Does this city know what it's doing? Thank god for Bob Young to set some direction at least with the Ticats and CFL or else this city may as well be Ingersoll or Simcoe (no offense to these cities BTW).

Why cause I am Truthful... a new Stadium means Higher Prices on Beer Food Souvenirs and tickets
why would want that .. 300 Dollars is fair Price for My Ticket But all know The Price will go up with new Stadium ... I just want Wait till see what cost is before I give any money to Bring a Stadium here.

I am still hoping we don't get the Games and they Fix IWS.
[/quote]
Even if they fix iws your tickets will go up, i would rather have a new stadium now where it will be cheaper than after a fixed up iws will have to be replaced
[/quote]
Yes but Price will be more Gradual if they say at IWS

Most diehard TiCat fans,what around 13,000-17,000, want IWS fixed up I would guess and will continue to go to games whereever like myself, while the rest of the so,so TiCat fans that could ensure the Cats sell-out a 28,000 seater night after night want a new stadium but more important a new stadium in a better part of town.

IVOR WYNNE STADIUM
Address:
75 Balsam Ave.
North Hamilton,
ON L8L-8C1

Capacity: 29,600

The Civic Stadium was first opened in 1930. The stadium was originally built to host the British Empire Games which was Canada's first major international athletic event held in August of 1930. The Stadium held approximately two thousand seats when it was first built and was managed by the Culture and Recreation Board.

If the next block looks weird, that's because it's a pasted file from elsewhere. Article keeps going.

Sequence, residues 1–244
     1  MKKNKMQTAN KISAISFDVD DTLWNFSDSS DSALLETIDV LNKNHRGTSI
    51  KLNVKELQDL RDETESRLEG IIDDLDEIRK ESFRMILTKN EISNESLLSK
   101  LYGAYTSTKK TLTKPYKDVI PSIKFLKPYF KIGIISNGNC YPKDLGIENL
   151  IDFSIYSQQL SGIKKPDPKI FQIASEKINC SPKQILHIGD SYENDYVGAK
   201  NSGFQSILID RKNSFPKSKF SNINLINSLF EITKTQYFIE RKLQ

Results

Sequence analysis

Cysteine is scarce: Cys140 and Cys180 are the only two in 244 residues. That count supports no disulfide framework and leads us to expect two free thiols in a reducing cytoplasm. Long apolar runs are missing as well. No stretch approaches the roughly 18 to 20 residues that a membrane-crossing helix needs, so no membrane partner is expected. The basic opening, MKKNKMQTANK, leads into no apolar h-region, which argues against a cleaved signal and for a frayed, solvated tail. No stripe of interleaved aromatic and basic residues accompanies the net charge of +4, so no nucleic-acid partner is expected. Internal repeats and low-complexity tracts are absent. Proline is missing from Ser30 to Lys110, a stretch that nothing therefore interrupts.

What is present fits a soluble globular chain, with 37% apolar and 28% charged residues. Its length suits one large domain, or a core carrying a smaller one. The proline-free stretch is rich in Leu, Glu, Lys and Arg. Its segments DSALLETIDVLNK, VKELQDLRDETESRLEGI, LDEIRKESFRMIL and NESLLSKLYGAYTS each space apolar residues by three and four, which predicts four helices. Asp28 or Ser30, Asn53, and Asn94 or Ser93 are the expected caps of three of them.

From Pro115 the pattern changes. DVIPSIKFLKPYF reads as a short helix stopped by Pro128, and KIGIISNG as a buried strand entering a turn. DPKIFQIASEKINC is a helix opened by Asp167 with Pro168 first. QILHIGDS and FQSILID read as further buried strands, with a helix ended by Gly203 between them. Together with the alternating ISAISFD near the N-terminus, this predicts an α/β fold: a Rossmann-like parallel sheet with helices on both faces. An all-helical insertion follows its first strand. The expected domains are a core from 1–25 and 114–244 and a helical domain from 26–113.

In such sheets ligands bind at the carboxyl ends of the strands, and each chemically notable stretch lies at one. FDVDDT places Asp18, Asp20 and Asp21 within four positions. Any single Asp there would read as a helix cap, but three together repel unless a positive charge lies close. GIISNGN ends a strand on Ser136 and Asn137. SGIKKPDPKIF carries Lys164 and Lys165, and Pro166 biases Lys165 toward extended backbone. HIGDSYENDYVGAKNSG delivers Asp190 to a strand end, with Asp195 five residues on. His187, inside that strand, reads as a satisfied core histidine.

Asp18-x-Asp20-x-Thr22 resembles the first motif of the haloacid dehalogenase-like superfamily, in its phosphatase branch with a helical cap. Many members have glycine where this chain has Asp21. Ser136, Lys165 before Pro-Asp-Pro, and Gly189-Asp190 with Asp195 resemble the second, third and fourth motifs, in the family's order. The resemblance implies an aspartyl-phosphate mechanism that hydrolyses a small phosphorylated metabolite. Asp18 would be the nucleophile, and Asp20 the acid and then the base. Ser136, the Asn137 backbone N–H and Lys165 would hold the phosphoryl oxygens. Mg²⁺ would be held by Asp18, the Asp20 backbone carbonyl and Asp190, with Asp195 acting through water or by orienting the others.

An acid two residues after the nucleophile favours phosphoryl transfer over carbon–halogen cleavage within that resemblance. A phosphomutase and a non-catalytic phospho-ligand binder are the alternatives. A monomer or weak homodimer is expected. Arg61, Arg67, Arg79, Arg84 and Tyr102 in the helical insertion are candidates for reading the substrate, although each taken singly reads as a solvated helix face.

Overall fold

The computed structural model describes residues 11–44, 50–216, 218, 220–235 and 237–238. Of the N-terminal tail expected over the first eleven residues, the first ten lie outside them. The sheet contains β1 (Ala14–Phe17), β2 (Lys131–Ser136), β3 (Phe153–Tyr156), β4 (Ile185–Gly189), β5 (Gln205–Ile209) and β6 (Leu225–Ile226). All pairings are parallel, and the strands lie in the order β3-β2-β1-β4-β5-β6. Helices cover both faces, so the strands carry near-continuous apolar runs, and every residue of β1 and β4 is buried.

In 1950, the Hamilton Tiger-Cats became the permanent tenants of the Civic Stadium. However, the professional CFL team discovered there were many inadequacies with the stadium which included insufficient availability of seats for the games. Therefore, the City of Hamilton approved Ivor Wynne's proposal to install additional spectator bleachers on the north side of the Stadium. Construction of this project was completed in 1959 and approximately 15,000 new seats were added, radically increasing the stadium's capacity. Other renovations included the installation of washroom facilities which were desperately needed.

In 1970, the Civic Stadium was renamed Ivor Wynne Stadium in honor of Ivor Wynne. The name change commemorated all of his accomplishments which had improved McMaster and the City of Hamilton. Some of his more notable deeds were the development of a Physical Education course and a Physical Education complex at McMaster University. Unfortunately, it was in the same year that the newly named Ivor Wynne Stadium was beginning to show its age.